Staycation for Foodies

June 2019
Written By: 
Paul Grimshaw

Loving what you eat requires great company, the perfect setting and ambience, and, of course, great food. The Grand Strand’s purveyors of casual and fine dining promise to fulfill these requirements in a food scene that is always evolving, growing and adding to its abundant ranks. There are some 2,000 eateries in the greater Myrtle Beach area with more, it seems, opening every day. And if you prefer playing chef at home, don’t think there aren’t options for you, with great area farmers markets and fresh seafood purchased right out of the hands of the fishermen who supply it.

Take a Food Tour

Corina Whitehead of Carolina Food Tours grew up in Florence but has spent the last 20 years in Pawleys Island and Murrells Inlet. She started Carolina Food Tours about a year ago because… “I’m just a foodie; I love food! We have the best coastal cuisine right here on the [South Strand] and I love to eat, meet new people and explore the area.” Whitehead’s food tours vary between Historic Georgetown with four restaurant stops and a little history lesson along the way, to The Drinks of Market Common, A MarshWalk Afternoon, and several others, including a breakfast tour still in the works. The current tours range in price from $59–$109 per person. “We bond over food. It’s just a wonderful experience,” says Whitehead. 
carolinafoodtours.com (843) 687-2312

Dock O’ The Bay

Long before the tourists, snowbirds, and retirees discovered the Grand Strand, area fishermen had developed a connection with the sea and its bounty.  Those hardy souls still exist today, and if you know where to find them, it’s still possible to buy fresh, locally sourced seafood the moment the boats tie up.

Calabash Waterfront
River Road, Calabash N.C.

The ancient, prehistoric waterfront in the town of Calabash, N.C., has changed little over the years, except for the long wooden dock that sits at the end of River Road and the half-dozen restaurants where “Calabash cooking” first came into being. Picturesque and tourist-friendly, yet still very much a working fishing port, boats both large and small come and go all day and night bringing in shrimp, blue crab, flounder, oysters, red drum, grouper and whatever else is in season. Fresh, uncooked and wrapped to go (or cooked and served while you wait), the Calabash Fishing Fleet and its Seafood Shack are happy to get locally sourced, wild-caught seafood from the creeks and nearby Atlantic Ocean to your table. calabashfishingfleet.com (910) 575-0017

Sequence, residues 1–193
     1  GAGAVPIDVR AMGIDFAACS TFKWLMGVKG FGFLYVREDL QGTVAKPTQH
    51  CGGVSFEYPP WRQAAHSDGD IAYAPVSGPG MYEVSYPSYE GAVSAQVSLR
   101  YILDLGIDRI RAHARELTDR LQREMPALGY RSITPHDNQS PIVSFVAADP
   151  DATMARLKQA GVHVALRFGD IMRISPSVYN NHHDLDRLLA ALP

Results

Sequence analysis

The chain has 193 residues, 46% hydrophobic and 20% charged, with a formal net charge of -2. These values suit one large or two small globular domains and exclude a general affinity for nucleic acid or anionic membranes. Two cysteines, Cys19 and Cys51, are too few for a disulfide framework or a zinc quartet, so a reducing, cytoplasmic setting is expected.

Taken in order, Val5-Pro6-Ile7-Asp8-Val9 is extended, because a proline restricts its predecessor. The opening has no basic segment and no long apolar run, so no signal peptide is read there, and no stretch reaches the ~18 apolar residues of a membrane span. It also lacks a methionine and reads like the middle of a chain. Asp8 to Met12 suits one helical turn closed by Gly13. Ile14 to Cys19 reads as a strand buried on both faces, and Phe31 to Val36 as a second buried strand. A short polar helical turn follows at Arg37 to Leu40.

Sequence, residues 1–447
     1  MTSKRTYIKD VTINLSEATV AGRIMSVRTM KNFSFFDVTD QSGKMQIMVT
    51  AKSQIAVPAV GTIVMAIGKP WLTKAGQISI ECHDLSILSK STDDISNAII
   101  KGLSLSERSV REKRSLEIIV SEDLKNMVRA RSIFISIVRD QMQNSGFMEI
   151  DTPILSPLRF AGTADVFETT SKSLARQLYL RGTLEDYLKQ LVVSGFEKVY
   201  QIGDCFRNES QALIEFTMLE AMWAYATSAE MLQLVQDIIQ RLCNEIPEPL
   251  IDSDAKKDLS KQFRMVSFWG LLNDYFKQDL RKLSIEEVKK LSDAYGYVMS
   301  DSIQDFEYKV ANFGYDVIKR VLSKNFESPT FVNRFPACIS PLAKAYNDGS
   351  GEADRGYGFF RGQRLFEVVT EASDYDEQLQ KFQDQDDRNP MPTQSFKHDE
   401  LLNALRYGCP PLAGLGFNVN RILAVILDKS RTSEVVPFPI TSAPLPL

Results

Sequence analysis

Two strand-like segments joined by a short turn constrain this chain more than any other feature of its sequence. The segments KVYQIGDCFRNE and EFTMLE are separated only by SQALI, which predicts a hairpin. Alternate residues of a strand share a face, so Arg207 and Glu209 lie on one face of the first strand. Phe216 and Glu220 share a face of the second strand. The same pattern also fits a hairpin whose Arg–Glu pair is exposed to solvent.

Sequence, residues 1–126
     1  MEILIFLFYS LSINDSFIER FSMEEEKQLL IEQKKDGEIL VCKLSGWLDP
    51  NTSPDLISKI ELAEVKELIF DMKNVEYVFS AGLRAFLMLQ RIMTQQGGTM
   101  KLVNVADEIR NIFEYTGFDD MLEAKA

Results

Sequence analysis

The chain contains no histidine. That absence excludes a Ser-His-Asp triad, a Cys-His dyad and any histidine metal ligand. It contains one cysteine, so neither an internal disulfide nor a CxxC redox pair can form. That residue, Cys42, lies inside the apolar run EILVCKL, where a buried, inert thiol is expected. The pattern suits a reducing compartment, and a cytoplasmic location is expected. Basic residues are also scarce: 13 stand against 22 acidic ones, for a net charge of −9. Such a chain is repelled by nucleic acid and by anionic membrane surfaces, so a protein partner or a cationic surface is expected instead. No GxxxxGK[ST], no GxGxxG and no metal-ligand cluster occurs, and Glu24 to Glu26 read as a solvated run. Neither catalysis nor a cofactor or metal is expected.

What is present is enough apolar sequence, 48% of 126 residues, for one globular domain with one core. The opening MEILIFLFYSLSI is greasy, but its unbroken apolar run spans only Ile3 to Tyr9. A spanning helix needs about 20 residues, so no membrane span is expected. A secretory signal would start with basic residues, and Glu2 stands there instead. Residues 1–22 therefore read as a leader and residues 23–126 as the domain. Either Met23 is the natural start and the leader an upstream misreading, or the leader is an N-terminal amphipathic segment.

Fishmongers

While not technically “on the dock,” several area seafood markets come as close as possible. The most reputable area purveyors will shoot you straight if you ask, “what’s local?” or “what came in today?” 

Mr. Fish Seafood Market 
6307 N. Kings Highway, Myrtle Beach
(843) 492-0374, mrfish.com/seafood-market

Providing fresh seafood for decades, this family owned and operated seafood market and neighboring restaurant of the same name offer a wide variety of imported and locally sourced seafood with all the fixin’s to take home and create your own feast. 

Seven Seas Seafood Market
3467 U.S. 17 Bus. Murrells Inlet
(843) 651-1666, sevenseasseafood.com 

This well-stocked market specializes in wild caught Carolina Blue jumbo lump crabmeat—picked, cleaned, cooked and ready to go—along with seasonal local varieties of fish and shellfish.